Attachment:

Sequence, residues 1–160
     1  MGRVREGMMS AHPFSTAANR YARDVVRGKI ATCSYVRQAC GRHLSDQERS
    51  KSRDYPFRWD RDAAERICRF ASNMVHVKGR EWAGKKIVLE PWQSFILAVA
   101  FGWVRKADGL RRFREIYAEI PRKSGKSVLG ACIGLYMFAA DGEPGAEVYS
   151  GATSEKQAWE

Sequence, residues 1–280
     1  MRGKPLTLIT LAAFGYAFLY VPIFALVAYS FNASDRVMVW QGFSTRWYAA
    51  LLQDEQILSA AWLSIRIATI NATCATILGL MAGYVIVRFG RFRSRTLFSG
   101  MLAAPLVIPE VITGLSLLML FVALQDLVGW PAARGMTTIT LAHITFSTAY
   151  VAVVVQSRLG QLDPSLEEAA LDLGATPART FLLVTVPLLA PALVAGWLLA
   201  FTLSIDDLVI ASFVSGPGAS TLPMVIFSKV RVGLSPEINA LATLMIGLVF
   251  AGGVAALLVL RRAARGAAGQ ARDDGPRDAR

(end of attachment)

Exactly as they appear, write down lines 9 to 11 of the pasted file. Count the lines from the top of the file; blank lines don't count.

   101  MLAAPLVIPE VITGLSLLML FVALQDLVGW PAARGMTTIT LAHITFSTAY
   151  VAVVVQSRLG QLDPSLEEAA LDLGATPART FLLVTVPLLA PALVAGWLLA
   201  FTLSIDDLVI ASFVSGPGAS TLPMVIFSKV RVGLSPEINA LATLMIGLVF